The mosh pit was a boys club that had allowed only a few girls inside its doors, one of them being Stephanie. She was a few years older than the rest of the team, not old enough to be anyone’s mother, not even the pimply intern, but old enough to suggest the role. That would explain the relatively good behavior in this pit as opposed to the wretched hive of scum and villainy that was the team next door, where their best coder had hacked the elevators and made the fatal mistake of trapping the CEO between floors. They were still looking for a new coder.

Stephanie might’ve been a mom figure, but she did unexpected things. The boys were a little afraid of her, especially after her ex-husband showed up one day and he was a cop. On Friday she had come to work in sweatpants and a green button-down men’s dress shirt with the little polo guy on it. Last Christmas she arrived every day for a month in sweaters with reindeers, elves, or gingerbread men on them. But tonight she was wearing a Spice Girls T-shirt tucked into her Dockers. The T-shirt had seen too many spin cycles in the dryer. The way Sporty, Scary, Posh, Ginger, and Baby contoured across Stephanie’s breasts was unexpected and startling. Jason pulled up a chair, then quickly swung it around to hide his erection, which had exploded out of hibernation and threatened to trip him.

“Hey,” he said.

“Hey,” she said back.

“Are you a coder now?” Jason pointed at the screen, where you could watch the code of their game being knit together by the compiler.

“No way,” she said. She had her hair pulled back in another neon pink stretchy thing and she was wearing her yellow Swatch. A half-empty bottle of Rainier sat on the countertop beside her. “I got tired of sitting by myself. I wanted company but the boys took off. Some sort of primitive hunting ritual.”

Jason was glad they were gone.

Stephanie seemed to decide something. “Are you hungry?” She stood, turned her chair around to mirror his, sat back down and rolled closer.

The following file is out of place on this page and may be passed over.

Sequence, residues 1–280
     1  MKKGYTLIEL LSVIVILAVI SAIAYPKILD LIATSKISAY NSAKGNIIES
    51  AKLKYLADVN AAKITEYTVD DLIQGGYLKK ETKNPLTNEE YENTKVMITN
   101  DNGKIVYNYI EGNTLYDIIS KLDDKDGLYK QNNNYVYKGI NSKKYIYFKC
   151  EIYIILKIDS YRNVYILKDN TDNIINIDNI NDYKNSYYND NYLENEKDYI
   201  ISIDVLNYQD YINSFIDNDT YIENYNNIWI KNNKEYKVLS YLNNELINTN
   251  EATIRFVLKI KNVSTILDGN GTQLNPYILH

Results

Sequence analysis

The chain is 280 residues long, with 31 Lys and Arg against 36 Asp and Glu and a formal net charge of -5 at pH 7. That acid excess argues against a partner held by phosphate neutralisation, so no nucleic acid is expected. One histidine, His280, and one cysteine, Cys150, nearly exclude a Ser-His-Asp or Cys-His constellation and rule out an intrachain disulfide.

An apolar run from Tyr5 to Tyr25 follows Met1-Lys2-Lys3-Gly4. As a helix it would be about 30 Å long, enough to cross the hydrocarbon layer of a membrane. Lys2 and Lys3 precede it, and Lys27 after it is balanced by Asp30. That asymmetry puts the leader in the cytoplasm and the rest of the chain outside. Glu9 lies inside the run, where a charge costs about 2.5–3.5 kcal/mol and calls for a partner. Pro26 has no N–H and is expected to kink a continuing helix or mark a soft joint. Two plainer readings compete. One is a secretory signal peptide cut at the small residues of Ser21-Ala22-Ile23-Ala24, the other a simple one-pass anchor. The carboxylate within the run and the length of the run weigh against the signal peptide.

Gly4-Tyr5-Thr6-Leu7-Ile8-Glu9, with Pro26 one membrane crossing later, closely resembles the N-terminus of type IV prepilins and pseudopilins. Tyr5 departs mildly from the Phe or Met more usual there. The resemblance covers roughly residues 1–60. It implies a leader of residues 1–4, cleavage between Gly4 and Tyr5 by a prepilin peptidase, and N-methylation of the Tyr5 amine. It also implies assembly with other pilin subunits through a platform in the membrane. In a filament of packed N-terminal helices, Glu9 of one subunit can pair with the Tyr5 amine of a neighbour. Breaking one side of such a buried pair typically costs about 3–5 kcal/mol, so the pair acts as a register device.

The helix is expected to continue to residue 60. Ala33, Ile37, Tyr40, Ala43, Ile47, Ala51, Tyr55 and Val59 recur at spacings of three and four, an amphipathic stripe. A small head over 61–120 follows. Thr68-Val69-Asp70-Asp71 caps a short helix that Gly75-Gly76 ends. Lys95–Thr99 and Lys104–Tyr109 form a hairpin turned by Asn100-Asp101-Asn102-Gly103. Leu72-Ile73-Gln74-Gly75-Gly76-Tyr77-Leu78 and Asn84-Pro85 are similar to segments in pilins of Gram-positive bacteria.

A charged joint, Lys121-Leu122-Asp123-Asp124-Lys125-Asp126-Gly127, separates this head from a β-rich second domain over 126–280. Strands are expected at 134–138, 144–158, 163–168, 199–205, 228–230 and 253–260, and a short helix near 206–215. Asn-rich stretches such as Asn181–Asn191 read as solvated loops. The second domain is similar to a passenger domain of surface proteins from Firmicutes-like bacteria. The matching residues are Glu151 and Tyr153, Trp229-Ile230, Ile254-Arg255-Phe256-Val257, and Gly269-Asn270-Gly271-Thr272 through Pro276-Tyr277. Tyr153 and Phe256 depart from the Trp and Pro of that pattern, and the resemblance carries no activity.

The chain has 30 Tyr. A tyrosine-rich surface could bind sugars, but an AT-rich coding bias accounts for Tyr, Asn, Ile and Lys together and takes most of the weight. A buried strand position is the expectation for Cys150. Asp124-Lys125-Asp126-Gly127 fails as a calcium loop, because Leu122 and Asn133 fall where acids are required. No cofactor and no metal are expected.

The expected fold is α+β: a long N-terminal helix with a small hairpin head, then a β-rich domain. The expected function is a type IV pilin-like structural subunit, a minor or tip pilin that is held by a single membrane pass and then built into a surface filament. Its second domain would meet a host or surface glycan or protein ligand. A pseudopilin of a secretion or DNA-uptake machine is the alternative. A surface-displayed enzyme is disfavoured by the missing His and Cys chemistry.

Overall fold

“Kind of,” Jason said. He suddenly thought of Jenn and how she liked to wear her purple “Judas Priest–Don’t tell me you don’t love the Priest” nightshirt with nothing else but her purple sneakers. He was never going to see that ensemble again.

Stephanie folded her arms across the back of the chair and rested her chin on the backs of her hands. “What are you hungry for?” He noticed that her eyes were dark dark brown.

Jason hesitated, breathed in, then rolled still closer, rose off his seat, and kissed her, their lips gently brushing. He sat back down.

“That’s not much of a kiss,” she said. “You must still be hungry.”

“You must be right.” He rose off his seat and she rose off hers and they tried it again. In the distance a door slammed.

Jason thought about the new managers workshop the company had sent him to, where they were supposed to learn about leadership, forbidden physical activity, and corporate liability, but he’d only heard the speaker’s introduction that day before he got a call and had to run to a software-incompatibility crisis. But then he stopped thinking about his new manager’s workshop, because the code on the screen nearest their kissing had stopped scrolling.